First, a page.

Next generation supply chains are integrated into healthcare and the patient experience
Predicting the future of healthcare and life sciences in 2025
10 minute read
Welcome to the eighth in our series of Life Sciences and Healthcare predictions 2025.
Prediction for 2025. Many companies use an interconnected digital supply network (utilising interoperable data) to improve end to end visibility of the supply chain. Track and trace is a blockchain-enabled reality: from manufacturing to the patient and HCPs. AI technologies transform the supply chain and manufacturing through real-time data processing and decision-making: reducing the risks of human subjectivity and bias. Advanced analytics unlock commercial, regulatory and operational data to identify non-linear and complex relationships, as well as provide strategic insights to improve the supply chain. Advanced analytics enable more efficient demand forecasting, inventory management, logistics optimisation, procurement and workforce planning. Biopharma companies also streamline their regulatory compliance functions to overcome functional siloes: improving efficiency across the product lifecycle.
The world in 2025
- Control tower end-to-end visibility. Advanced analytics across the supply chain (with AI tools applied to real-time data) generate actionable insights and improves decision-making/ regulatory compliance.
- Responsible supply chains. Improved transparency has supported companies to collaborate more effectively with regulators to improve compliance and in turn have revaluated their overall value chain, manufacturing and product developments to meet sustainability goals.
- Improved operational effectiveness. Companies have a ‘Resilience by design’ mind-set (e.g. financial/reputational resilience) and deploy predictive maintenance to improve operational effectiveness including optimising machine uptime.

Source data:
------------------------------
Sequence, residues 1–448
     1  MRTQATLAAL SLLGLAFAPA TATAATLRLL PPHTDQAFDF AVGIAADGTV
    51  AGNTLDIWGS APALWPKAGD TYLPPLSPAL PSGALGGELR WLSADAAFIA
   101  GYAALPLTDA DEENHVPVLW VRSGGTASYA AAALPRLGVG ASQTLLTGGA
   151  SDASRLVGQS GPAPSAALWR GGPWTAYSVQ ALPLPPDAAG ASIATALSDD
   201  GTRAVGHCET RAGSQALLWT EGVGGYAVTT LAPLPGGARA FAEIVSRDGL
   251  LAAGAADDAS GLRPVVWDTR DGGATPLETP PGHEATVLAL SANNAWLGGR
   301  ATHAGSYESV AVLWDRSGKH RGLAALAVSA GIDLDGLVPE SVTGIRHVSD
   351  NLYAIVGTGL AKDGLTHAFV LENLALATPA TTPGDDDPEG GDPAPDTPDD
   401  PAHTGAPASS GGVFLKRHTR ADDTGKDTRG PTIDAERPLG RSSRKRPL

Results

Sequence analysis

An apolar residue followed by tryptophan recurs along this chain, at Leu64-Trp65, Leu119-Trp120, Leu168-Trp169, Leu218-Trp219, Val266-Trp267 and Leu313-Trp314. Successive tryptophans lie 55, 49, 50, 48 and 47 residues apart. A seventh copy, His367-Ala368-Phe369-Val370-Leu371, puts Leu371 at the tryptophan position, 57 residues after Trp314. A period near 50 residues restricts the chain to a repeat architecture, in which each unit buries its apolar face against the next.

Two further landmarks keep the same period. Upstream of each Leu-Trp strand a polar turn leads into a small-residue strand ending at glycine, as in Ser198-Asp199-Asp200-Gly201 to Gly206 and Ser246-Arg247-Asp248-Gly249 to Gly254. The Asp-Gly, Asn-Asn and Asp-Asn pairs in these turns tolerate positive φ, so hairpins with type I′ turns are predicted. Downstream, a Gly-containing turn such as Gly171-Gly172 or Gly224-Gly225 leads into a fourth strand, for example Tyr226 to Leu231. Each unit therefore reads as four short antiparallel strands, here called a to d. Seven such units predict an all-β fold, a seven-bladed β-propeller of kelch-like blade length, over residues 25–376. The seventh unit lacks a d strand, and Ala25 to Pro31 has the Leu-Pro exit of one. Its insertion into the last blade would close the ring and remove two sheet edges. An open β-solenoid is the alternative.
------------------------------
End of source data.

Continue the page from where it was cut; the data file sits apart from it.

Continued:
Conquered constraints in 2025
- Skills and talent. Collaborations with experts in other industries improves the skill-set of in-house staff and helps establish a more diverse workforce, including AI design-thinking experts. Manufacturing/distribution staff are more flexible, digitally-literate and open to continuous learning.
- Funding. ROI in digital supply networks has improved across the supply chain. Earnings before interest, tax, depreciation and amortisation have increased convincing companies to invest in advanced technologies (e.g. robotic applications and intelligent real-time monitoring systems).
- Regulations. Regulators use accelerators/‘sandboxes’ to test products, services and business models. International agreements reduce the risk of governments resorting to trade protectionism. Compliance with the EU’s Falsified Medicines Directive and FDA’s Drug Supply Chain Security Act improves traceability/visibility.
- Data and interoperability. Data integrity has improved by establishing a robust IT infrastructure and adopting FAIR standards, reliable connectivity and robust cloud-enabled data security across the DSN. Blockchain technologies provide transparency in tracking systems, especially in multi-nodal hand-offs.
Evidence in 2020